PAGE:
Jim Henderson of the Houston Chronicle Dallas bureau reports. Excerpt:
FORT WORTH — Sometime in the next few days, James Byrd will take the most important test of his life.
If he passes, he soon could walk out of prison, free for the first time in nearly five years.
If he flunks, he could stay behind bars until he is an old man.
Polygraph tests are not admissible evidence in criminal courts, but because of the strange circumstances of his case, prosecutors have agreed to ask for his release if they are convinced he is telling the truth.
“We’re open to taking another look at it,” said Assistant District Attorney Alan Levy.
His boss, Tarrant County District Attorney Tim Curry, agreed.
“We’re sure not going to keep him there if he doesn’t belong,” he recently told the Fort Worth Star-Telegram.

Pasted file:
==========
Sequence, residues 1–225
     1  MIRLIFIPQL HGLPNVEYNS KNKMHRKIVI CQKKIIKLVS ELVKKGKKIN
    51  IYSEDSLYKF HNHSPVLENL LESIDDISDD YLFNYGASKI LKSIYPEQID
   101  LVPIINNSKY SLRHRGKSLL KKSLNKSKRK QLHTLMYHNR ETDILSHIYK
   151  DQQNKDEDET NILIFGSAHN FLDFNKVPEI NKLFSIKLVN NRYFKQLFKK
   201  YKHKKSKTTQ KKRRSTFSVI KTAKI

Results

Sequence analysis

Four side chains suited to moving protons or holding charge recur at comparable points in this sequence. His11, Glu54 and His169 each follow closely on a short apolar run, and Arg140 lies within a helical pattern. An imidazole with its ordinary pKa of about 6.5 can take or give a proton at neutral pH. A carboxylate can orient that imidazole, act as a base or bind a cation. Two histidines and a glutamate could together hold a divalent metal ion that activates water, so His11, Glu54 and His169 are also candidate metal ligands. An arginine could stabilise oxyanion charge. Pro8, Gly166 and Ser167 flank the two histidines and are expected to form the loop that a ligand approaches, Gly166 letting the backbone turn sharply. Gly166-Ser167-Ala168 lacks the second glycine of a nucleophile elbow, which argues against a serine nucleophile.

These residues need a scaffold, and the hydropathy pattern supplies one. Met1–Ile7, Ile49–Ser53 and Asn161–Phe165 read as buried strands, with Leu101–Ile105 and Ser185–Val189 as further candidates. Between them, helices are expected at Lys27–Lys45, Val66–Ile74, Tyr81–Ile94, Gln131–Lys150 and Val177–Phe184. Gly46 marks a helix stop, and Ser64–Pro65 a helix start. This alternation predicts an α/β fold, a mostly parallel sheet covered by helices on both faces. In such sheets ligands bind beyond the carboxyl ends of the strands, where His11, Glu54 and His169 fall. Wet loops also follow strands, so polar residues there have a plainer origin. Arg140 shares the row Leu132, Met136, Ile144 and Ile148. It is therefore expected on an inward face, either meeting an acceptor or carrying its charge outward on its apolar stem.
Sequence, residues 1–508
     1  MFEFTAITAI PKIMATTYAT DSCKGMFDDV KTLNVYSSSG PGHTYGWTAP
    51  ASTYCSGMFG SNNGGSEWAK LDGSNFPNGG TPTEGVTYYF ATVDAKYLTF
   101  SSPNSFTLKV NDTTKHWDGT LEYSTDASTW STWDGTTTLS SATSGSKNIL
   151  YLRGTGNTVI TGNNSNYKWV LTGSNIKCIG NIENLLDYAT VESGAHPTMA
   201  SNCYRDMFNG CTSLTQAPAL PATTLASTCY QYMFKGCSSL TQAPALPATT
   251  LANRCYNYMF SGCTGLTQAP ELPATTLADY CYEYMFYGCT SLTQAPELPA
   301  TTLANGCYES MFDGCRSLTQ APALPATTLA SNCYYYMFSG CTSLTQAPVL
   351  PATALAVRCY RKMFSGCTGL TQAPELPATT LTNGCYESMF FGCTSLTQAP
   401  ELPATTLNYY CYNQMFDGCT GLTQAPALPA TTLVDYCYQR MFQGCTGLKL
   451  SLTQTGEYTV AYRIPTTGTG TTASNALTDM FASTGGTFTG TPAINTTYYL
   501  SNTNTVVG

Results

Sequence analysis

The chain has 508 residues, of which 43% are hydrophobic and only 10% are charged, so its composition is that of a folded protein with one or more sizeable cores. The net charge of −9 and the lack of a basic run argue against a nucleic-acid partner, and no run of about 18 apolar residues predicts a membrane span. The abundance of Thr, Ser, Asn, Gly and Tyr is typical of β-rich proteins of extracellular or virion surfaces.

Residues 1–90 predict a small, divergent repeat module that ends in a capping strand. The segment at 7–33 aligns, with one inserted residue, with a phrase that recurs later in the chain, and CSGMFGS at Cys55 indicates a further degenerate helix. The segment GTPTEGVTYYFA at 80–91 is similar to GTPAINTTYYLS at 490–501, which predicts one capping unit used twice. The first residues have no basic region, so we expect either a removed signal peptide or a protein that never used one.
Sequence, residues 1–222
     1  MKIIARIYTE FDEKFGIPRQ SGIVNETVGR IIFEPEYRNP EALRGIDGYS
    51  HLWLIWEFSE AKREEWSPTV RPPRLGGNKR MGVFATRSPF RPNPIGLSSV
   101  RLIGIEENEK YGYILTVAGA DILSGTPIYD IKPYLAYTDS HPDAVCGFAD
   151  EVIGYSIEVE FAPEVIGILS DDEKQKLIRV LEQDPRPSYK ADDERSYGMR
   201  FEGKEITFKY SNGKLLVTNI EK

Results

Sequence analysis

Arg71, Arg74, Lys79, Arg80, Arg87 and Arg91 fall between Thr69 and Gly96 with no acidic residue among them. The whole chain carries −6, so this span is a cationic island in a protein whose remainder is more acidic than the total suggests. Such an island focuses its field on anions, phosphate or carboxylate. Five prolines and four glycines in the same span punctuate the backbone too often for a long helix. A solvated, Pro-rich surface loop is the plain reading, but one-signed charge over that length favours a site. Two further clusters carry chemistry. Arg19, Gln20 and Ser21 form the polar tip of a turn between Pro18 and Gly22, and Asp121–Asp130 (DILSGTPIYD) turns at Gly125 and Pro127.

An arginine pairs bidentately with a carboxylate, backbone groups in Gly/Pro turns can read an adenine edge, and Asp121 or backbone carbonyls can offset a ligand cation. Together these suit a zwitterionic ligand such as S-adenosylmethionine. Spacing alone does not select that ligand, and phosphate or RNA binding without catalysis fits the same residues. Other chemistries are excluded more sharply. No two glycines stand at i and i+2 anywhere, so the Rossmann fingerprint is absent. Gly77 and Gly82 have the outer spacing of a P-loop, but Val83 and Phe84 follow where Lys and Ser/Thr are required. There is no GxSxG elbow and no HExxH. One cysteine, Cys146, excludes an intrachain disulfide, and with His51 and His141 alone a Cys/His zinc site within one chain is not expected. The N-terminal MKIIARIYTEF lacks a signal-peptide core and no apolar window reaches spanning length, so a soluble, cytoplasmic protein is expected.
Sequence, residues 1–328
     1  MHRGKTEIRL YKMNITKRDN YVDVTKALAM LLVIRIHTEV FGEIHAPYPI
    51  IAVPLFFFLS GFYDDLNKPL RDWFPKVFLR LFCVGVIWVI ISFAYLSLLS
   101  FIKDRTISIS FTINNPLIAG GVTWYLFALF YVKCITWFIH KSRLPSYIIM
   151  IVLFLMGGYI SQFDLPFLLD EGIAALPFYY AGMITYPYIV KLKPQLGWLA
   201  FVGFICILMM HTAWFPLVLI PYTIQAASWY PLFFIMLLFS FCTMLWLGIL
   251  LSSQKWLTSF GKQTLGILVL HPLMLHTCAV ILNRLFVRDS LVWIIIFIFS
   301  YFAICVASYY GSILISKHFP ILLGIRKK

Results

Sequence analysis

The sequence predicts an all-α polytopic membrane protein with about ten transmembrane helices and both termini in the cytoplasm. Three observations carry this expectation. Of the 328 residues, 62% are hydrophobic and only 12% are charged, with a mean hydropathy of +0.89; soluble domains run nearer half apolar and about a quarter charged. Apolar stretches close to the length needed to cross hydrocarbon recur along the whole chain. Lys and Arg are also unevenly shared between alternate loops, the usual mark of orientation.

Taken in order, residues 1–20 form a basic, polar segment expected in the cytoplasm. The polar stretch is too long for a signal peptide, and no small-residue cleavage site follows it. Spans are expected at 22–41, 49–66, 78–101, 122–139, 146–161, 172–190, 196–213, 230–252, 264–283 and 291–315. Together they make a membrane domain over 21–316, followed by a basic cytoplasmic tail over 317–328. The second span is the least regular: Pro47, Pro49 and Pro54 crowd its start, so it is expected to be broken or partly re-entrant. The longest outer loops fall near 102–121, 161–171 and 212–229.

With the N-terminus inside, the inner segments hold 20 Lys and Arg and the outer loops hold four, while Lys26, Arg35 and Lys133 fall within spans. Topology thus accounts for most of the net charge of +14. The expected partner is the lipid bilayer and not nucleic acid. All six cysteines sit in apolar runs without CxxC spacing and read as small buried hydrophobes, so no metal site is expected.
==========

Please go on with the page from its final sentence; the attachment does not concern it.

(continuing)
From the time he was arrested and charged with robbery by threat, Byrd, 38, has sworn that he did not belong in prison, but it took intervention by a University of Houston law student and a subsequent televised confession by his older brother, Donnie Johnson, to get anyone’s attention.
Johnson, 45, has taken — and passed — a polygraph test in which he admitted to the crime for which his brother was convicted, and now it’s Byrd’s turn.